Even before the anime and manga hype broke out in the West, even before sushi became a standard in European and American cities, Japan had already produced an absolute export hit: video games. Whether it was Nintendo's Mario Bros. or Sega's Sonic The Hedgehog : whoever was at home in the late 80s and early 90s at home on a console, it is very likely that pixels from Japan flickered across the screen.
But wait a minute, pixels? What is that actually?
A pixel refers to a single pixel that can be displayed on a screen. In
early years of video game history, these pixels were also recognizable individually due to technical and it was an artistic and technical challenge to create a game situation with these few pixels. The original Mario, for example, was only 16 pixels high and 12 pixels wide - and still you could
his mustache, his dungarees and his every move. A true feat!
Nowadays, of course, modern HD or even 4K screens are capable of very different resolutions, and individual pixels are not and individual pixels are no longer visible to the naked eye. The design of game graphics with individual pixels could therefore safely be a thing of the past. But the opposite is the case: in recent years, there has been a true renaissance of so-called "pixel art", both in video games, in graphic design, but also as an art form in its own right.
Similar to black-and-white photography, a new language of form has emerged from technical limitations. A language that has taken on a life of its own and is constantly evolving between nostalgia and innovation.
We found this mixture of tradition and modernity to be emblematic for MYCONBINI, so we were more than happy when uprising Pixel Artist Instant.Onion created one of his famous artworks for us. We didn't want to miss the chance and interviewed him directly about his thoughts on Pixel Art and of course, Japan:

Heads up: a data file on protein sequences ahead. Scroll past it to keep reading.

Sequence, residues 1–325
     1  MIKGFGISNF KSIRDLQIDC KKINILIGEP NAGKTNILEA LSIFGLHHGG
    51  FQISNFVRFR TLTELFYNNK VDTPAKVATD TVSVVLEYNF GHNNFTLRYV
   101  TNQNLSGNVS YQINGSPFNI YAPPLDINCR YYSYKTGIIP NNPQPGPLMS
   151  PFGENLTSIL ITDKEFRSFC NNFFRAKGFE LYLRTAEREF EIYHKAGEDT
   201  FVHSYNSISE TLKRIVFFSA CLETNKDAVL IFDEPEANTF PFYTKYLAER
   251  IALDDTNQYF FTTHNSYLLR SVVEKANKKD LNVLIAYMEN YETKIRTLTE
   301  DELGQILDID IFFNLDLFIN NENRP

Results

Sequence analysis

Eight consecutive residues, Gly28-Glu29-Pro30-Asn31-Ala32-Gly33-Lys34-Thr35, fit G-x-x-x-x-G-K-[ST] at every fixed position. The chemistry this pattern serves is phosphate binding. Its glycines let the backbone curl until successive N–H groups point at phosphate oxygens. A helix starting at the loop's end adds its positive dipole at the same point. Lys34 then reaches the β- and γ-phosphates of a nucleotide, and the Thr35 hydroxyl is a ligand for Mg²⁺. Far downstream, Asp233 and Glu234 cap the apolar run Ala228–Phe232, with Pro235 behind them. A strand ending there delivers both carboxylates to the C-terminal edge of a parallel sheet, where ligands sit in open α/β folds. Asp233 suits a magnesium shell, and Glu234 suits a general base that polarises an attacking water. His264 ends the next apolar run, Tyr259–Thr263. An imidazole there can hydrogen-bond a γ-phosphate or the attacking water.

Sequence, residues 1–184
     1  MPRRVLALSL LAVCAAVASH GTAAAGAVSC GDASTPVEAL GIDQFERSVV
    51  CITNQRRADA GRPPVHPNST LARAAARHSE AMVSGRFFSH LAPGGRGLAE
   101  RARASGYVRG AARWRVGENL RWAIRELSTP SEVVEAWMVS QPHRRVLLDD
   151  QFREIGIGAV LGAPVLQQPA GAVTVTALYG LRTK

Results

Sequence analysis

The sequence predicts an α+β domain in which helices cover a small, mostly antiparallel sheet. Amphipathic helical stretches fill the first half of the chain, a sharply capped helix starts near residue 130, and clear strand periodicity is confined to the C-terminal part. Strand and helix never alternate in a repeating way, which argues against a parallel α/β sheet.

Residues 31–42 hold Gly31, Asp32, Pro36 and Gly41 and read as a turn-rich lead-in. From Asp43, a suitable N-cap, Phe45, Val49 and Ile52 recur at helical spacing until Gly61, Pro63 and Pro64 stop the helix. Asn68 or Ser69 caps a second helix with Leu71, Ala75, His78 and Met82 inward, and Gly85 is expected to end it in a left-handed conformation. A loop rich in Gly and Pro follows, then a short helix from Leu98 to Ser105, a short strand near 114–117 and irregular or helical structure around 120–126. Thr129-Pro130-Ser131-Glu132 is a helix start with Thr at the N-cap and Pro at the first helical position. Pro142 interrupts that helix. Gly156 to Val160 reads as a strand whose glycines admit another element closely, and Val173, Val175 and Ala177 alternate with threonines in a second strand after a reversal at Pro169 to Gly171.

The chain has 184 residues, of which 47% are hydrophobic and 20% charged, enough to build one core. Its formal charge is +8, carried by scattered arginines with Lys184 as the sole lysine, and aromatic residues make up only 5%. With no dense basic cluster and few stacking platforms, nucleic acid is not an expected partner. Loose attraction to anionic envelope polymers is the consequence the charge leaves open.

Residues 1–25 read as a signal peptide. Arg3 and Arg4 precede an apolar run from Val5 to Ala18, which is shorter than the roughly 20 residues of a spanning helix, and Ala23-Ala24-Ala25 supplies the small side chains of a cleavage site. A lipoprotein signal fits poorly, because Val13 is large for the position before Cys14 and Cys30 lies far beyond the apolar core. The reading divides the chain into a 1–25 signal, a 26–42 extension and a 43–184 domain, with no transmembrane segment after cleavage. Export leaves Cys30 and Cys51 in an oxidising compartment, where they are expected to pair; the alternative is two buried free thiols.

1. Hi Nelson, how was your day? Tell us what's on your table at the moment.
Hey guys! My day is going well, the weather is warming up and I’ve been spending more time outdoors again! Currently, I’m working on a couple freelance projects, one of them being a pixel art short film. I’m really excited to finish it this month! I’ve also been working on new print and apparel designs for this year!
2. How is your connection with Japan? What fascinates you?
My first time visiting Japan was two years ago and I really enjoyed my time there. What fascinates me is the little things that make up the city; the vending machines, trains, street signs, and plants just to name a few. A lot of small pops of colour are scattered everywhere, and it makes the city feel alive and very lived in. I love wandering around through back alleys and finding something interesting or unexpected.
3. What makes pixel art so special in your opinion?
Pixel art can contain a certain type of nostalgia because of its origins in video games. These past couple years especially, I’ve been seeing a modern revival of pixel art where artists would use it as an art style rather than a computational constraint. Pixel art can come in so many different forms now; beautiful landscapes, character sprites, limited colour palettes. They break the traditional norms of what pixel art was, and it’s constantly evolving with our technology as well.
4. When did you start with pixel art and what advice would you give to beginners?
I started making pixel art around 3-4 years ago in my last year of art school. During that time, I worked on a group project with classmates with varying styles; we decided pixel art could be the art style that ties all of our work together. It was like making a game together! My advice for beginners is to just dive into it! Pixel art is one of the more accessible styles to work in and the learning curve is really low. Start by finding out who or what you are inspired by and how those inspirations can translate to your artwork.
5. Which other artists do you admire? Have you got a personal Japanese hero?
When it comes to pixel art, I’d say my first inspiration must’ve been @waneella, @mrvalenberg and @butterberrycafe. These people made me realize the many possibilities pixel art has. If I was to name a japanese hero, it would be @BARD713. They passed away last year and they were a huge inspiration to me and the art community. Their illustrations have beautiful linework and spectacular compositions.
6. What was your idea behind the MYCONBINI artwork?
My idea was to highlight the everyday experience passing by a storefront. I wanted to illustrate a place grounded in Berlin, somewhere I live nearby and can visit anytime for a snack!
7. What's your favorite Conbini item?
My favourite item must be the sencha green tea, I love strong tasting teas that have a refreshing taste!
Thank you so much Nelson!
Find more about him here:
Introduction written by guest author Malte Weingart